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New, innovative automation applications

Think Again: Startups, 3-D printing, drones, and automation in space are among the expanding uses for automation.

Mark T. Hoske, CFE Media
02/10/2018

Dr. Julielynn Wong, MD, MPH, is founder, chairman, and CEO of 3D4MD. Courtesy: Mark T. Hoske, Control EngineeringStart-up automation-related companies, drones, 3-D printing, and space missions are among the expanding uses for automation, as explained at the 2018 A3 Business Forum in Orlando in January. Innovation also creates and extends interest in engineering automation.

Automation is being applied for humanitarian benefits through additive manufacturing and drone technologies, helping in remote geographical or economic situations, including space travel, explained Dr. Julielynn Wong, MD, MPH, who is founder, chairman, and CEO of 3D4MD. 

3-D printing, drones, space

Wong challenged assembled automation leaders (about 650 were expected) to sponsor a 3-D printer make-a-thon to address a humanitarian need. A side benefit, she suggested, is doing so often attracts an equal number of women and men and often appeals to younger talent automation-minded companies try to attract and retain. Automation technologies used in 3-D printing include: sensors, actuators, motion controllers, motors, a network, a human-machine interface (HMI), and software to translate the 3-D object map into motion coordinates.

3-D printing projects, applications

Wong brought a carry-on-sized 3-D printer to the presentation and set it to work on stage printing a part. Technology advances have progressed making printers smaller.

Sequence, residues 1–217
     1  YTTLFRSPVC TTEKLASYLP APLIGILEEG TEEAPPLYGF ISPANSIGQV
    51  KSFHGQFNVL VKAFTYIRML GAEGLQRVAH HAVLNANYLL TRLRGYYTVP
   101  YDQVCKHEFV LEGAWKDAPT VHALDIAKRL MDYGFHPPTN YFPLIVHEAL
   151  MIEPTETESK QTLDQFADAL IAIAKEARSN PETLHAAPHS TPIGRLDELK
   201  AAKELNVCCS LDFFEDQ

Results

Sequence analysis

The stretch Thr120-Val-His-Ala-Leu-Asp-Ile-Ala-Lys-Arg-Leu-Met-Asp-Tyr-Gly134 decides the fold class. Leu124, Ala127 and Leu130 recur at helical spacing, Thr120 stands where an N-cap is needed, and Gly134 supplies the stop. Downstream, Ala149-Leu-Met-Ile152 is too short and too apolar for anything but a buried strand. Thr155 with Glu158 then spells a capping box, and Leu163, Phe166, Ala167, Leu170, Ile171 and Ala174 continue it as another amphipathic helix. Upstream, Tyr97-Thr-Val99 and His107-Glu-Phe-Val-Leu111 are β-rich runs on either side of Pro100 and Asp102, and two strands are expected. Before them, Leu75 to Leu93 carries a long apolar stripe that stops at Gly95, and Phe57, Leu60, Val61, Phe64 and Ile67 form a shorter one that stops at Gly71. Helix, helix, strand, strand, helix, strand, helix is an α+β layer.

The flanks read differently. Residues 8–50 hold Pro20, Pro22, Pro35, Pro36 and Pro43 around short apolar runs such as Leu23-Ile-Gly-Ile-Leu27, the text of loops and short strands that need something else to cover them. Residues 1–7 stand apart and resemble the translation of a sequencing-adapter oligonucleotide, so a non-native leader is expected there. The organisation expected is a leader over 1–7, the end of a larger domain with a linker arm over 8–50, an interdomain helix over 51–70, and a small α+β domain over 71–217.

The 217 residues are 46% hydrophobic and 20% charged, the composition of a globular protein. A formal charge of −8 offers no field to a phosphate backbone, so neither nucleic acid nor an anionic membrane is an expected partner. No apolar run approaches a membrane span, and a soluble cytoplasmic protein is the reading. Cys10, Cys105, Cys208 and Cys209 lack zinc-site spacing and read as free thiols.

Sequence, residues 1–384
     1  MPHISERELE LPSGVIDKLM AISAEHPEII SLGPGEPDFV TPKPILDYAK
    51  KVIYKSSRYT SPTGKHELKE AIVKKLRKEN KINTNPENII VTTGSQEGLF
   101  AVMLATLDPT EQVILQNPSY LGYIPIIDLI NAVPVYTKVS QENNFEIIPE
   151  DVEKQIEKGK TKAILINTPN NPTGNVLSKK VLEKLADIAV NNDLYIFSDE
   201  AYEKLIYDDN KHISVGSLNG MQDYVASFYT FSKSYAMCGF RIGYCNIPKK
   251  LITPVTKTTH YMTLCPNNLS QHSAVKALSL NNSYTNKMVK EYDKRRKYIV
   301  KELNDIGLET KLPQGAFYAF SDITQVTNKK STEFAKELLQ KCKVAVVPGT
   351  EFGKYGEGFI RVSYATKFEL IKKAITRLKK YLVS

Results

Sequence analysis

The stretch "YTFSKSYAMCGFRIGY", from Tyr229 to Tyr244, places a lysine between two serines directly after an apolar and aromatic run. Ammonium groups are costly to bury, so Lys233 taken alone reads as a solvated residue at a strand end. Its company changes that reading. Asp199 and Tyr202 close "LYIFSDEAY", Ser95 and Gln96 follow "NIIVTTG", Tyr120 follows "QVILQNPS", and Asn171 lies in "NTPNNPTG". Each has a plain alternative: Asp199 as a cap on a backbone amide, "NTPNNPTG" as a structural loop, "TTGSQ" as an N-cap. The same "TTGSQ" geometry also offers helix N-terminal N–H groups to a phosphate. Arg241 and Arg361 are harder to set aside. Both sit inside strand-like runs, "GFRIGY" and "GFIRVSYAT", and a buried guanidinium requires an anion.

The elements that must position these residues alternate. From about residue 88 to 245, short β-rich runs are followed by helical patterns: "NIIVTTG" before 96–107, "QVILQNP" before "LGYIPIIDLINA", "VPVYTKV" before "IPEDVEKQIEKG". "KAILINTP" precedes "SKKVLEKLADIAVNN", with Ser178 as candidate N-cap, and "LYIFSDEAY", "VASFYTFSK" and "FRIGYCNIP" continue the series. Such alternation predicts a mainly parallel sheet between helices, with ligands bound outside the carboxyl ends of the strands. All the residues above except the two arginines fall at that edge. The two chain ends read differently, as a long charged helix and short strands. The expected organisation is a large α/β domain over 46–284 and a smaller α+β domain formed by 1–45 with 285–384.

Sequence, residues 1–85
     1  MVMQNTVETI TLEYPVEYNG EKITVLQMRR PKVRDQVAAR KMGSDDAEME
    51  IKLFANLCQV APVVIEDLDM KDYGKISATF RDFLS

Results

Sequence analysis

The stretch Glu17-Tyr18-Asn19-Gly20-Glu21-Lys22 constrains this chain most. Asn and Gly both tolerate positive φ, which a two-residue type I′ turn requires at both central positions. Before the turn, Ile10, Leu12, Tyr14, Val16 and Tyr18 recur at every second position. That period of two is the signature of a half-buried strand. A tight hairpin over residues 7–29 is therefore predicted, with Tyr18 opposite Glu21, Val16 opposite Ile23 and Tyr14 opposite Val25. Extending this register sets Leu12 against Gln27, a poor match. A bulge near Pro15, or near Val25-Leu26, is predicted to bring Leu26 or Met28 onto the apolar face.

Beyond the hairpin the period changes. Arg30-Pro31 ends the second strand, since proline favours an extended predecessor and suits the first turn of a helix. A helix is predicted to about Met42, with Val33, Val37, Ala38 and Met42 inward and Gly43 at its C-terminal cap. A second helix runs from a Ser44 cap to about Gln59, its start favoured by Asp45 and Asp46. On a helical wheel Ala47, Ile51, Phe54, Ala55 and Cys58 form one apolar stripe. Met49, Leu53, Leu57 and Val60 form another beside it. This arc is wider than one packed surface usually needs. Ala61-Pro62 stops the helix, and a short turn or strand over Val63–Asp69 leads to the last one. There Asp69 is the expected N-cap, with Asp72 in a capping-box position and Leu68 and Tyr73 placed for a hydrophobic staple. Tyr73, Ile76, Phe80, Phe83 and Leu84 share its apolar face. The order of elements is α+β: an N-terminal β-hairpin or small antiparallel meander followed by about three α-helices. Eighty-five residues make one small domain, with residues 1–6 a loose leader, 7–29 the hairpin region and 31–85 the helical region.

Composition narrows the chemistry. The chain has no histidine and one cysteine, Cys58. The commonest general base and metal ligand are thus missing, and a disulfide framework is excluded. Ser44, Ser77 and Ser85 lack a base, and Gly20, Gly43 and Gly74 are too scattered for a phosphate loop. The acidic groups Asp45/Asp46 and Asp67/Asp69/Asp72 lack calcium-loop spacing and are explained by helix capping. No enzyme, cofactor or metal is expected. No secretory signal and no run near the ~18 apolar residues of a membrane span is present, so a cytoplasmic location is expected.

In 2015, while listening in on astronaut communications on the International Space Station (ISS), someone said, "I wish I had a tool of this size." Two weeks later, NASA was uploading a digital file to the ISS. In space, it's easier to have digital files than actual parts or tools for every possibility, especially for longer missions, she explained.

When used for health care, low-cost 3-D printing may mean more patients get care more quickly, especially in areas that may not have specialized medical care. That would include space. Astronauts cannot take everything needed into space, but they can bring or uplink 3-D files for medical supplies.

Drone projects and applications

Drone technology also is widely accessible and have potential to help, especially those 1 billion people who live on less than $2 per day. Drones are used to speed drugs, lab samples, medical supplies, and food in critical situations. Automation technologies used in drones may include: motion controllers, motors, sensors, vision system, actuators, GPS, HMIs (which may include augment reality display and or smartphone interface), wireless communications, and onboard networking.

Mark T. Hoske, content manager, Control Engineering, CFE Media. Courtesy: CFE MediaSponsoring a medical make-a-thon to address a humanitarian need can help decrease the 9-month average wait for resources in the field. Wong noted a mission to resupply Mars explorers would be about the same. 

Startup in robotics

Startup companies offering various new automation-related technologies included a pick-and-place robotic arm designed to mount on mobile robots, a vision-guided robot without position or force sensors, robotic grippers, simple machine monitoring, and a talent assessment and development dashboard software. Think again about how to excite and involve the next generation in automation-related engineering.

Mark T. Hoske is content manager, Control Engineering, CFE Media, mhoske(at)cfemedia.com.

ONLINE EXTRA

Read more about 3-D printing, drones, and automation startups in two online articles below. 

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